Catherine. Seven years from vintage, this is still just a pup.
Super-concentrated, with a tightly coiled core of cherries and
raspberries that only begins to unwind after an hour of swirling.
Balance for aging.
Chocolate fudge spooned over
a bowl of berries. Sensuous texture, like ice cream. Concludes
long and loud, trailing almond nuances. Taste this blind and you'd
be nuts not to guess California Cab, but of course it's French
Merlot. Pleasure-fiends have no trouble naming this wine of the
evening and I can't really argue.
***+1990 Le Tertre Roteboeuf.
***+1990 Latour. Wonderful aromas of tobacco, mineral and
berry. Best nose of the flight, though not the most concentrated on
the palate. One taster disses it for this reason. Aw, c'mon. Look at
what it's up against. This is a great wine with penetrating flavors,
and the first one I finish.
***+1997 Harlan Estate Cabernet Sauvignon. Wine from another
planet. Plays a perilous game and succeeds in spades. Ultra, ultra,
ultra-ripe fruit that's just a shade short of pruney. Texture is
almost syrupy. Fabulous stuff, but is it Cab? I guess I don't care.
This and ***+1989 Petrus may be the most amazing wines I've tasted
all year. WINE OF THE EVENING.
1997 Araujo Eisele Vineyard Cabernet Sauvignon. RUINED BY
When ***+1994 Dominus doesn't win its flight, you know the
competition's stiff. Lives up to my notes from
a week before, but the Harlan can't be denied.
'91 VS. '94 NAPA CABS.
(August 3, 2002) Of all the endless arguments we grape-geeks bore
our friends with, I personally like to debate Napa Valley's best
Cabernet vintage (preferably with the wines in front me). So far,
we've pretty much narrowed the choice to 1991 or 1994. Tonight we
matched a few of the best from each vintage, head to head:
These two differ the most of all the match-ups tonight.
Mature and kind of kinky, **+1991 offers aromas of violets,
tobacco and a bit of bacon. Pours plenty of fruit on the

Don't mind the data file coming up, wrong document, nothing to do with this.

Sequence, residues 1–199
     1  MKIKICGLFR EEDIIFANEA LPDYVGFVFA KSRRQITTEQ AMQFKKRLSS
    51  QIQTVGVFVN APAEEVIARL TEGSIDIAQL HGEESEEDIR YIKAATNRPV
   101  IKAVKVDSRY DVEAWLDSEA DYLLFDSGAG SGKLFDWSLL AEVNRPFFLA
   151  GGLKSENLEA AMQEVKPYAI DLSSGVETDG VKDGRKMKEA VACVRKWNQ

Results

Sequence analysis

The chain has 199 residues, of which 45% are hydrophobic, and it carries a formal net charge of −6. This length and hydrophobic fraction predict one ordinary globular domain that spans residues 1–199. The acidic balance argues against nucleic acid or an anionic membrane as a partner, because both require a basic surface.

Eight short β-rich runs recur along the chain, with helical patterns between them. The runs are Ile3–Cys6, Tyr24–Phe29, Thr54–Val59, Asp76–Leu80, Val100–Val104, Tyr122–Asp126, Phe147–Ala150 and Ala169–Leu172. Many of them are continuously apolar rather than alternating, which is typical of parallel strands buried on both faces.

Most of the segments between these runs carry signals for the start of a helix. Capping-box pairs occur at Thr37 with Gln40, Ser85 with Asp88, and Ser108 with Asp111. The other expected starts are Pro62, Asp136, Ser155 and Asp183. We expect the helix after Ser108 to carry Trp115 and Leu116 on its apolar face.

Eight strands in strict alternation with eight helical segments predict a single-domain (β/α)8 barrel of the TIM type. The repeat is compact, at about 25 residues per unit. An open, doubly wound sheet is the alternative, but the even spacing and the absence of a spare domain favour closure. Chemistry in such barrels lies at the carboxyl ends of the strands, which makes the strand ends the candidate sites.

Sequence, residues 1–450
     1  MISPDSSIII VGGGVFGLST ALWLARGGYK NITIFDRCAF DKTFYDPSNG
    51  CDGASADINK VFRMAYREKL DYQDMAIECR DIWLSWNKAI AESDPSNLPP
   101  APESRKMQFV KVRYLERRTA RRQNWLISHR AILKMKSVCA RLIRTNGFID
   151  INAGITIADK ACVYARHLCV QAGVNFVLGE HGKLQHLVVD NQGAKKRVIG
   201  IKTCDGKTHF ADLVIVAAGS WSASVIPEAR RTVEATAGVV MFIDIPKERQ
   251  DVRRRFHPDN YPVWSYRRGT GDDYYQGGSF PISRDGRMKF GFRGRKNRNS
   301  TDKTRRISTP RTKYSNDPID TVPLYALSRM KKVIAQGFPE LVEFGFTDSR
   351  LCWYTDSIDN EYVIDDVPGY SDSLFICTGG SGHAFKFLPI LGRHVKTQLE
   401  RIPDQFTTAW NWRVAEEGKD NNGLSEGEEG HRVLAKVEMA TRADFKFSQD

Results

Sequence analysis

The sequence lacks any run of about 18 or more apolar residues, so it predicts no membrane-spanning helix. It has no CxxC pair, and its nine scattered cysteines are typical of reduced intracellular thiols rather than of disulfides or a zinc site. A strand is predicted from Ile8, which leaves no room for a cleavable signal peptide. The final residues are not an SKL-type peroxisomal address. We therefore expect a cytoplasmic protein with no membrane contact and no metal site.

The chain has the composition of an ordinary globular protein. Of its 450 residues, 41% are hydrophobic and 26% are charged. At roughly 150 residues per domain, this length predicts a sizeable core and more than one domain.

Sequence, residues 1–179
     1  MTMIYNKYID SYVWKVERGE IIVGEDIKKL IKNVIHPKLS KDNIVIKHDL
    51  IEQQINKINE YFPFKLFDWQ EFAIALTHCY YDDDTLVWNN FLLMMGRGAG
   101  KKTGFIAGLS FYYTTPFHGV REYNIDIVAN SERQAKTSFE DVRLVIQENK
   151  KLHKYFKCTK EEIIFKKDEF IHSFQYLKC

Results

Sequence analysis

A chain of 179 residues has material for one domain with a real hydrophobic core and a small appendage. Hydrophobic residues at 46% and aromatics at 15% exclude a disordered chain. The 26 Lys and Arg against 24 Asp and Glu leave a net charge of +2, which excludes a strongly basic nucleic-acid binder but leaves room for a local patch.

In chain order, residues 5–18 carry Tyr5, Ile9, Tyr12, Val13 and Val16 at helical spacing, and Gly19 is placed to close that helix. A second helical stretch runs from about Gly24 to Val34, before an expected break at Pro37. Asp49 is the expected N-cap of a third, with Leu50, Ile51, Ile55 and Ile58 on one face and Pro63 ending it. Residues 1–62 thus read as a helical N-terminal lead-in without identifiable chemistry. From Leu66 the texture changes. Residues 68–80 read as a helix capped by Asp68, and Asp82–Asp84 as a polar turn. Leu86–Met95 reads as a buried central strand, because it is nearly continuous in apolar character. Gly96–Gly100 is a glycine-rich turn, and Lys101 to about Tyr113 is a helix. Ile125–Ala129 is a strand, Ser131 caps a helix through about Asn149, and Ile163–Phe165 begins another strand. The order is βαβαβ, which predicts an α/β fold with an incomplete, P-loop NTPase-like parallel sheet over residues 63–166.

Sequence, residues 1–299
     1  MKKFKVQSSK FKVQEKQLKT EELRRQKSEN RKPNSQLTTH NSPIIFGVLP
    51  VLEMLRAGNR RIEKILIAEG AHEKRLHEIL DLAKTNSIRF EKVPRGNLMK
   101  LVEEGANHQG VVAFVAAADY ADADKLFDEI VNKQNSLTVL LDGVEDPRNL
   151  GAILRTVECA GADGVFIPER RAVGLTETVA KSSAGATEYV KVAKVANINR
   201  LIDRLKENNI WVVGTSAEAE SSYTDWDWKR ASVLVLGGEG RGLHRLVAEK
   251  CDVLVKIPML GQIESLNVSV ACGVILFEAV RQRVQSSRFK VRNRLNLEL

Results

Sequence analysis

palate, with game and herb accents reminiscent of
Bordeaux. But the awesome ***+1994 hasnít changed much
from my barrel-tasting notes. Boatloads of blackberry and black
cherry, charged with a touch of Asian spice. Not even close. '94
'91 vs. '94 Joseph Phelps "Insignia".
'91 vs. '94 Ch‚teau
Montelena. Twenty years from now, these two wines might rule the
Both seethe with blackcurrant fruit, but they're also clearly the toughest on the
table. The ***+ 1991 is so enormous, you might not guess
its tannin-levels until they kick in on the finish. The ***1994
is even more primary and grapey, but seems to linger a little less. Most of us
'91 vs. '94 Dominus. What a high-class problem here! Both are
open for business and each could be WINE OF THE EVENING. Just a tad
softer, the ***+1991 has developed more of the earthy notes
so characteristic of Napanook Vineyard wines. The ***+1994
may be a touch sterner and fruitier. Both dominate (get it?) your
attention, thrill every scent-receptor and transport every tastebud
you possess. Tonight it's a tie. I would guess the '94 may be
'91 vs. '94 Araujo "Eisele Vineyard". Coming after
all the above, the **1991 puts in a disappointing performance. Shows a good deal of the expected black
cherry and chocolate, but thins on the finish. I've had better